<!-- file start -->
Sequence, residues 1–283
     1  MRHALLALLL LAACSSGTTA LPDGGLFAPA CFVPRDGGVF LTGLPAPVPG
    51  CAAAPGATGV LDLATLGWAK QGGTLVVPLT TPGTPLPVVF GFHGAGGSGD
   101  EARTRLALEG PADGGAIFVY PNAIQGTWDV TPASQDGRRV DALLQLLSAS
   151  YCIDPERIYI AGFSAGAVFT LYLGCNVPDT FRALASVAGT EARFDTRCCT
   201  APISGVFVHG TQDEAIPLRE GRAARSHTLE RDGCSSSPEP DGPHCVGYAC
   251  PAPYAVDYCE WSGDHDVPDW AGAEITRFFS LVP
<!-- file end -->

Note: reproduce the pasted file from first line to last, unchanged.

Sequence, residues 1–283
     1  MRHALLALLL LAACSSGTTA LPDGGLFAPA CFVPRDGGVF LTGLPAPVPG
    51  CAAAPGATGV LDLATLGWAK QGGTLVVPLT TPGTPLPVVF GFHGAGGSGD
   101  EARTRLALEG PADGGAIFVY PNAIQGTWDV TPASQDGRRV DALLQLLSAS
   151  YCIDPERIYI AGFSAGAVFT LYLGCNVPDT FRALASVAGT EARFDTRCCT
   201  APISGVFVHG TQDEAIPLRE GRAARSHTLE RDGCSSSPEP DGPHCVGYAC
   251  PAPYAVDYCE WSGDHDVPDW AGAEITRFFS LVP